Milk, the Mail and Martin O’Neill

Why the Tories should abolish school milk and throw people out of council housing – oh, and why they

Call me a fascist beast if you like, but I rather hoped the coalition would go ahead with stopping free milk for under-fives. For one thing, it would make the government unpopular, as it did Margaret Thatcher, who, as education secretary in the 1970s, cut milk for children aged seven to 11 and became known as "Milk Snatcher". For another, I never liked the stuff as a child and, despite warnings from teachers about my bones crumbling, refused to drink it.

But I also happen to think free milk is one of those fiddly little benefits, like free bus passes for the over-sixties, that we ought to have outgrown. Just as bus passes rest on the outdated presumption that all pensioners are poor, so free milk presumes all children are malnourished. That was potentially true in 1940, when free milk was introduced. It is not so now. A high proportion of ethnic-minority children can't even drink milk because they are lactose-intolerant. Healthy Start vouchers, available to poor parents to buy fresh fruit and vegetables as well as milk, are a better option. The £50m spent on nursery milk could be used to increase their value, as health ministers suggested.

The biggest priority, however, should be to bring food retailers to heel by compelling them to label unhealthy food clearly and to stop ­marketing junk to children. The coalition has made it plain it will do nothing of the sort. Milk has been declared sacrosanct because of its symbolic value. If anyone thinks it symbolises David Cameron's concern for children's health, they are mistaken.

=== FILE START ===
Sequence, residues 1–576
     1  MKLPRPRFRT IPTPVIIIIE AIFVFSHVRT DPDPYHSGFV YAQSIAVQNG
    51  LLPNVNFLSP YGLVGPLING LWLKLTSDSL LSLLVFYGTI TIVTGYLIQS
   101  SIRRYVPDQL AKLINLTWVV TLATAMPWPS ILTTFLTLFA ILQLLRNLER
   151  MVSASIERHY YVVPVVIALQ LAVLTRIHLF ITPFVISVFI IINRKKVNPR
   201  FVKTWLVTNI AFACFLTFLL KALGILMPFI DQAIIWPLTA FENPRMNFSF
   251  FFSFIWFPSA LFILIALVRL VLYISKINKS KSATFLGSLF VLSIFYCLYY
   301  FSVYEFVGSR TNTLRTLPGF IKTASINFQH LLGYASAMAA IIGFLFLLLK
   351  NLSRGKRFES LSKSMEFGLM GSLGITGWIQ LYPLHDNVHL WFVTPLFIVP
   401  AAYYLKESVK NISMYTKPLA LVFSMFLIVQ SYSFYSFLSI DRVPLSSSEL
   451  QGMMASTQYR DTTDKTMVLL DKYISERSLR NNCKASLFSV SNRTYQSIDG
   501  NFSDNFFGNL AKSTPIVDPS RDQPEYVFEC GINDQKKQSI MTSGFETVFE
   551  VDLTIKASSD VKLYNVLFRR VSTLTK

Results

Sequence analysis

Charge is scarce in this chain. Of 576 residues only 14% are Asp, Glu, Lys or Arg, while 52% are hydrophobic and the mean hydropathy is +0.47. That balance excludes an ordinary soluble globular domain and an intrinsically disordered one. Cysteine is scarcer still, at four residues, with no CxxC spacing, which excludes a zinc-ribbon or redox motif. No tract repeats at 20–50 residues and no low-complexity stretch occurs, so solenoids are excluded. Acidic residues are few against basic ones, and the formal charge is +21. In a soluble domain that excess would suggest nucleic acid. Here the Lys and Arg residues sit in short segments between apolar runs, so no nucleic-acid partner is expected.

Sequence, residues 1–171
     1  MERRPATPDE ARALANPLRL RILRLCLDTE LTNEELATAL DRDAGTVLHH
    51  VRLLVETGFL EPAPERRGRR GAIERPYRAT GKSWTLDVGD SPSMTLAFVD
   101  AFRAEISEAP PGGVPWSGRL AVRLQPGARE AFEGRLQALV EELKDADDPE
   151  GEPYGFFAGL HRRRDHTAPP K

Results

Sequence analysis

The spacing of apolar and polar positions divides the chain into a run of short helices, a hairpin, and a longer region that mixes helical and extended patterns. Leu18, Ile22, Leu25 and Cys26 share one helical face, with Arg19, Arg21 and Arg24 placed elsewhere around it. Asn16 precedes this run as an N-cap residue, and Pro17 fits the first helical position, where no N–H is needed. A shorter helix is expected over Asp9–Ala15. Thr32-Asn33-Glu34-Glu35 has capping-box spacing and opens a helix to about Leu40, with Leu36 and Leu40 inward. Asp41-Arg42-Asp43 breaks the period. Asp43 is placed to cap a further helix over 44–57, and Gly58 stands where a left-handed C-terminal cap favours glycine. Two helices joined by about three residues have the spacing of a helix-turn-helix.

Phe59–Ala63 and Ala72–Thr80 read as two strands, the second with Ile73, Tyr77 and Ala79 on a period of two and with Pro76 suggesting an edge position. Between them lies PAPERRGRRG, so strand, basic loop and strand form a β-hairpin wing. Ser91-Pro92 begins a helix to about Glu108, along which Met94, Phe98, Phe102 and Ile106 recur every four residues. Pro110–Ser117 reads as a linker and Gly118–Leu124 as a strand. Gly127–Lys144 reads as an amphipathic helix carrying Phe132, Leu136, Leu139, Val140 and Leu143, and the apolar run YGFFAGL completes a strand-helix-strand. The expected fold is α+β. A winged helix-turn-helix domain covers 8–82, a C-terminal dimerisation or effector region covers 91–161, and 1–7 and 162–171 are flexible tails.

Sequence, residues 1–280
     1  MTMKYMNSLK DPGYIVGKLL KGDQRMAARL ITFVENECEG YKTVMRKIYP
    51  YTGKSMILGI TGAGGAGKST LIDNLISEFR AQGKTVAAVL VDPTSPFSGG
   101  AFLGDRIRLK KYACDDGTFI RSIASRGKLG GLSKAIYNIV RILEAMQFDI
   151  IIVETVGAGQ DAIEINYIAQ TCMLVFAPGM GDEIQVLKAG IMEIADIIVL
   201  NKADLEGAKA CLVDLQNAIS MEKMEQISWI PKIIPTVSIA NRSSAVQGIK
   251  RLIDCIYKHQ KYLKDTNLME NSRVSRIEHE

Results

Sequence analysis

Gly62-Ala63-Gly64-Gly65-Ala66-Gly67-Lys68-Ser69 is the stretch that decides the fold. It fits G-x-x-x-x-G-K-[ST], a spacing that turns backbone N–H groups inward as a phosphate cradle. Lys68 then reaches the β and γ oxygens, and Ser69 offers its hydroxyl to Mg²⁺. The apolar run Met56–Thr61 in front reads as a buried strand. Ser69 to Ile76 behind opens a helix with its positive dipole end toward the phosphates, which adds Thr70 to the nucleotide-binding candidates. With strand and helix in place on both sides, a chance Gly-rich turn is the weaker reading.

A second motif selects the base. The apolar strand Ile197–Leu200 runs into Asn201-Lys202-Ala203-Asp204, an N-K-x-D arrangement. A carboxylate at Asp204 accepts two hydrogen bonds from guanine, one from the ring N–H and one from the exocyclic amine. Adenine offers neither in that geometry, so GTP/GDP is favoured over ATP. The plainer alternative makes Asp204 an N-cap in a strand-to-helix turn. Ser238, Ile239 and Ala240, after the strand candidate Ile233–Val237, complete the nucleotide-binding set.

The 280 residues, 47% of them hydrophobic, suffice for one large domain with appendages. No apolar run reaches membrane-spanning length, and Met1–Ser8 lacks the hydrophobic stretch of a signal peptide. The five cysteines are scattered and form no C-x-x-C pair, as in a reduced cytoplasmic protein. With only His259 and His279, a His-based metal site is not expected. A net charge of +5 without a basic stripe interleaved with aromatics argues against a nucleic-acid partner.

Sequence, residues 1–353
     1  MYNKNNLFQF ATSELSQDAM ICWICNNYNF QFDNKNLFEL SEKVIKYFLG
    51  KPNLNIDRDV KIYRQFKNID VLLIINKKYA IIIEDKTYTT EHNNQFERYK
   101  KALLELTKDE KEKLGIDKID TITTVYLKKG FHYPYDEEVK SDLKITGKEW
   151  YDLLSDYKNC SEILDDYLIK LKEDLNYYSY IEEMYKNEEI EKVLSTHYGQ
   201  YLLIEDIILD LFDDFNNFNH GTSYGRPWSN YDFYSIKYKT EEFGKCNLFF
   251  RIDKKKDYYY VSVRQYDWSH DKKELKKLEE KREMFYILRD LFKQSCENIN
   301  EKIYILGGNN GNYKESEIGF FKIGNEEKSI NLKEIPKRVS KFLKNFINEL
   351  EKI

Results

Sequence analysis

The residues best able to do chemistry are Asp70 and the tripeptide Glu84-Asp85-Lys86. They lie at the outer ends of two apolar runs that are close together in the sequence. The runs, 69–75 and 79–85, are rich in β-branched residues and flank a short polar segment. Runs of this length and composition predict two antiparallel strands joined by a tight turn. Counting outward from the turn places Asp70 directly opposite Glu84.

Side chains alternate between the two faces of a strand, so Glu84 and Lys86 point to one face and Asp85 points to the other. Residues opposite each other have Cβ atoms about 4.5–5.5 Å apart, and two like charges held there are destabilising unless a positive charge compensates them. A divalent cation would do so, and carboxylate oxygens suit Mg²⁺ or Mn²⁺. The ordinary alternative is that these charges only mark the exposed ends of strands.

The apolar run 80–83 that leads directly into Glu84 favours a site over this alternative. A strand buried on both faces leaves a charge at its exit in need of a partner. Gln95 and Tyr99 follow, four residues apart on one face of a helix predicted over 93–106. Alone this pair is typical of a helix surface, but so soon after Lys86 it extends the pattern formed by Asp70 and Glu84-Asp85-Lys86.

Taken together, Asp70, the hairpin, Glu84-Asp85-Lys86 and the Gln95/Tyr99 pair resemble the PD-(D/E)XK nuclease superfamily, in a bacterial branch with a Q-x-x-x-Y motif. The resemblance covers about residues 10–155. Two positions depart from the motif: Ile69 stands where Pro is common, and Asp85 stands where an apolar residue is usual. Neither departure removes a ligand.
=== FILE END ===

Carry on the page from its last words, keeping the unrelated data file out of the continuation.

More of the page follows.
Home truths

Turfing people out of council houses is another proposal that I hope Cameron goes ahead with. But there the fascist beast in me stops: my hope is purely partisan. The right to buy council houses was what, during the 1980s, delivered the votes of many aspirant families that had previously voted Labour to the Tories. Now, taking homes away from people who happen to have bettered themselves strikes me as likely to send the potential victims flocking to Labour.

How does this proposal fit with the coalition's stated aim to improve work incentives for the lower classes? Or with Cameron's ideas of strengthening social bonds and local communities? Since private-sector renting offers (after the first six months) only two months' security of tenure, the coalition in ­effect proposes to make high mortgages virtually compulsory for families that want their children to have a stable, settled upbringing. Which seems likely to provoke another explosion of poorly secured credit.

Wealth of nations (except ours)

Reports that the China Investment Corporation, owned by the Chinese government, may take a stake in Liverpool FC raise the question: why don't we have something similar? Sovereign wealth funds now own an estimated £2trn of the world's assets. China's two major funds have stakes in Citigroup, Barclays, Visa, Apple and Coca-Cola; Singapore's in the Swiss bank UBS; Dubai's in Sony; Qatar's in Sainsbury's. Lots of countries, particularly oil-rich ones, have such funds, including Brazil, France, Ireland, New Zealand, Nigeria, Norway and Russia. Even US states, such as Alaska, New Mexico and Wyoming, have them. So why not us?